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Semi-dome

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Semi-dome

Typical Early Christian/Byzantine apse with a hemispherical semi-dome decorated in mosaic (Basilica di Sant'Apollinare in Classe in Ravenna).

A semi-dome, also called a "half-dome", is the term in architecture for half a dome ("cut" vertically), used to cover a semi-circular area.[1] Similar structures occur in nature.

Architecture

Semi-domes are a common feature of apses in Ancient Roman and traditional church architecture, and mosques and iwans in Islamic architecture.

A semi-dome, or the whole apse, may also be called a conch after the scallop shell often carved as decoration of the semi-dome (all shells were conches in Ancient Greek), though this is usually used for subsidiary semi-domes, rather than the one over the main apse.[2] Small semi-domes have been often decorated in a shell shape from ancient times,[3] as in Piero della Francesca's Throned Madonna with saints and Federigo da Montefeltro,[4] and the example in the gallery below. Islamic examples may use muqarnas decorative corbelling, while in Late Antique, Byzantine and medieval church architecture the semi-dome is the classic location for a focal mosaic, or later fresco.[5]

Looking up at the radiating semi-domes of Hagia Sophia.

Found in many Ancient Greek exedras, the semi-dome became a common feature of the apse at the end of Ancient Roman secular basilicas, which was adopted in Early Christian architecture as the commonest shape for churches, becoming the focal point for decoration. In buildings like Hagia Sophia in Byzantine architecture, apsidal openings or exhedras from the central nave appear in several directions, not just to the litugical east.[6] The tetraconch, triconch and cross-in-square are other typically Eastern Christian church plans that produce several semi-domes.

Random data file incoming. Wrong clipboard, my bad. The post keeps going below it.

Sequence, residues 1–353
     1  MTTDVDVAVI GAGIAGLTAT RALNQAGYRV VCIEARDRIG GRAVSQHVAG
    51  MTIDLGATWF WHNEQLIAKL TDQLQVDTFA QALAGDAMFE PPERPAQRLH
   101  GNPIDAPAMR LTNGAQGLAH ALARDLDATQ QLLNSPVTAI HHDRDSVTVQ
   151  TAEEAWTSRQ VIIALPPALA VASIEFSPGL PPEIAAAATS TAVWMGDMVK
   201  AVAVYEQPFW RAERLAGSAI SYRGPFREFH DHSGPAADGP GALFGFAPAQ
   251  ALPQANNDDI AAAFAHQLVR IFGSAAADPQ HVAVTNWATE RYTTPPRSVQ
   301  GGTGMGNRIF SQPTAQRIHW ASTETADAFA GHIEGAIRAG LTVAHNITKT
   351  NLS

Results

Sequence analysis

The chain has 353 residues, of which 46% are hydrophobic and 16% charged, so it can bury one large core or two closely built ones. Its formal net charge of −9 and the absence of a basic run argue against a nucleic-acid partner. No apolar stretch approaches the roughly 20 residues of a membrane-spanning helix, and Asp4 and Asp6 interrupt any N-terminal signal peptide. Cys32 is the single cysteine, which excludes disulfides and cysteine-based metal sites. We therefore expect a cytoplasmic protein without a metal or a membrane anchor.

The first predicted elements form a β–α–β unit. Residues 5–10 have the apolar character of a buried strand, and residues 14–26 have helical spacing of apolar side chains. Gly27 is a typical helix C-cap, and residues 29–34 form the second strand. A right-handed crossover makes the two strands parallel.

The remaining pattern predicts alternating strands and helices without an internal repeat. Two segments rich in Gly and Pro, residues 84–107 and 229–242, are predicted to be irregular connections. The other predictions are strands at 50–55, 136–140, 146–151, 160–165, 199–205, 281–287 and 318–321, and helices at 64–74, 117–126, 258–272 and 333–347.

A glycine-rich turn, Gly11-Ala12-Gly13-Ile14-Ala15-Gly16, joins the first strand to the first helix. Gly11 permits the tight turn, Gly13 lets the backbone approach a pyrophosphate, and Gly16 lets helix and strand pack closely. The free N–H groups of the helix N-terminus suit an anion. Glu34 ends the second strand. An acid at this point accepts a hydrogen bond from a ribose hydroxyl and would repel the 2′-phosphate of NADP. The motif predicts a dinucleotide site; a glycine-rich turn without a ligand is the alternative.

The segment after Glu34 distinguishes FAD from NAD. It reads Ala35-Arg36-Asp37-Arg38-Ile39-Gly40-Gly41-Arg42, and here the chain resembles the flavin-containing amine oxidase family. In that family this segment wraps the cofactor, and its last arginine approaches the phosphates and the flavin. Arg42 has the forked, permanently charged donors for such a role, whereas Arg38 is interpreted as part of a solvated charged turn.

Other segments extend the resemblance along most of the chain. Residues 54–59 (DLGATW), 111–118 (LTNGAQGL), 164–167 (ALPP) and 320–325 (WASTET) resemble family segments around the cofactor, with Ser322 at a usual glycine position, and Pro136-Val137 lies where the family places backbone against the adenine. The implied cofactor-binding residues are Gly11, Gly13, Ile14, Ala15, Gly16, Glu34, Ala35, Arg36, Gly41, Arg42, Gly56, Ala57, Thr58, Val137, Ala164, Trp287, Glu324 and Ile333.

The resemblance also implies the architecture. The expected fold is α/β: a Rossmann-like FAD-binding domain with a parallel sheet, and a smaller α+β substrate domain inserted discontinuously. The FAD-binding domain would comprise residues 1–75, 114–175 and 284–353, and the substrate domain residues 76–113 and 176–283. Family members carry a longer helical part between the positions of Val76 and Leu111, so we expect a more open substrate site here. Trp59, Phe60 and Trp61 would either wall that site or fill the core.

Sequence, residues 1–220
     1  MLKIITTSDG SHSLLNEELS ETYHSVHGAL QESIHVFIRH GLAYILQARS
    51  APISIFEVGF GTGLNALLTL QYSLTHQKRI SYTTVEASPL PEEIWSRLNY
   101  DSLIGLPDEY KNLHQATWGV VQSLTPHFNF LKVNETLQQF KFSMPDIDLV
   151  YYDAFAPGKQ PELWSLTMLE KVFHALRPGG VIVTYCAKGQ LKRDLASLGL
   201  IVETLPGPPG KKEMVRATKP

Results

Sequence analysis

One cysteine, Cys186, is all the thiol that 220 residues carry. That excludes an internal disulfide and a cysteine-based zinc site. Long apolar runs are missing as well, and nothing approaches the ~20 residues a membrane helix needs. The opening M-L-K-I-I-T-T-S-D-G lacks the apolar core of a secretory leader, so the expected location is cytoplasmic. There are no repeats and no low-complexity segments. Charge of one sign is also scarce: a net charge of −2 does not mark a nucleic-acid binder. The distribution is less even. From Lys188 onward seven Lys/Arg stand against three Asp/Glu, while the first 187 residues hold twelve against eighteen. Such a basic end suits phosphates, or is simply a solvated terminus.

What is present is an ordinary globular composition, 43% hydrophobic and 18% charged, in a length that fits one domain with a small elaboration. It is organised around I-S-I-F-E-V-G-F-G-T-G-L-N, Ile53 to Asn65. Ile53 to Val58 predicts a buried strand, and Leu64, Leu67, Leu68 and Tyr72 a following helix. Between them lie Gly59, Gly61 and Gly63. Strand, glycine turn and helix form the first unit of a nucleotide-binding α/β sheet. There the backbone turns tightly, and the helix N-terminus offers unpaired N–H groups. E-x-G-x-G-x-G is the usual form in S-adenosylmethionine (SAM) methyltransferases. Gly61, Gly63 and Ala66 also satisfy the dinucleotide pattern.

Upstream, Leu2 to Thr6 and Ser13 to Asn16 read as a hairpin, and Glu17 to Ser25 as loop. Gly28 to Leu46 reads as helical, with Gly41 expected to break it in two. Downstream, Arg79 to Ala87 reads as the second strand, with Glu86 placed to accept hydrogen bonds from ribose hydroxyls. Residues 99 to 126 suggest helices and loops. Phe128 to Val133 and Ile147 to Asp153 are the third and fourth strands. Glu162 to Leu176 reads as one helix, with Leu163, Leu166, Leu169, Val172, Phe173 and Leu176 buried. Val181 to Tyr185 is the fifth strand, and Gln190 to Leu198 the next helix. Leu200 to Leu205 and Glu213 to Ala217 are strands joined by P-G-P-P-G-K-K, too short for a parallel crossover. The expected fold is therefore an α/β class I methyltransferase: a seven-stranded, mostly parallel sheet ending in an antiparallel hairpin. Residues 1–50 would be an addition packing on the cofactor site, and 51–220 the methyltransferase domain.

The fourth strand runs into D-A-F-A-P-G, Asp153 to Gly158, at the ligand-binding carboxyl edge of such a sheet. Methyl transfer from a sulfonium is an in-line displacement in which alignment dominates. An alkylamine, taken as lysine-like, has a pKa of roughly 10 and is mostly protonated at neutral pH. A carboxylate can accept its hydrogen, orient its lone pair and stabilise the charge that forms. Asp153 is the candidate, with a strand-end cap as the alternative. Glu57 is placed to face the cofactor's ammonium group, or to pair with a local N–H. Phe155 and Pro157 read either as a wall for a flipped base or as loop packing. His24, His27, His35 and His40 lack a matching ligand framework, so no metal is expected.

When the Byzantine styles were adapted in Ottoman architecture, which was even less concerned with maintaining a central axis, a multiplicity of domes and semi-domes becomes the dominating feature of both the internal space and the external appearance of the building. The buildings of Mimar Sinan and his pupil Sedefkar Mehmed Agha are the masterpieces of this style. Mihrabs are another common location for semi-domes.

In Western Europe the external appearance of a semi-dome is less often exploited than in Byzantine and Ottoman architecture, and is often disguised as a sloping rather than curved semi-circular roof.[7]

The Cincinnati Museum Center at Union Terminal in Cincinnati, OH features the largest semi-dome in the western hemisphere, measuring 180 feet wide and 106 feet high.[8]

Gallery

Notes

  1. ^ OED, "Semi-dome"
  2. ^ OED, Conch, 5: "The domed roof of a semi-circular apse; also, the apse as a whole".
  3. ^ Hachlili (1998), p. 373, on ancient Jewish examples.
  4. ^
  5. ^ Talbot Rice, 118 and 123
  6. ^ Talbot Rice, 93-98
  7. ^ See illustration at Glossary of Medieval Art and Architecture, s.v "semi-dome" (retrieved on 18 April 2009).
  8. ^ Cincinnati Union Terminal Architectural Information Sheet. Cincinnati Museum Center. Retrieved on February 8, 2010.

References

  • Hachlili, Rachel. Ancient Jewish art and archaeology in the diaspora. (Handbook of Oriental Studies. Section 1: The Near and Middle East.) Leiden: Brill, 1998 (ISBN 90-04-10878-5, Google Books)
  • Kim, Tae Won; John H. Christy & Jae C. Choe: "Semidome building as sexual signaling in the fiddler crab Uca lactea (Brachyura: Ocypodidae)", in Journal of Crustacean Biology, Vol. 24:4 (2004), pp. 673-679 (abstract)
  • David Talbot Rice, Byzantine Art, 3rd edn 1968, Penguin Books Ltd
  • Vadnal, Jane: Glossary of Medieval Art and Architecture (University of Pittsburgh)
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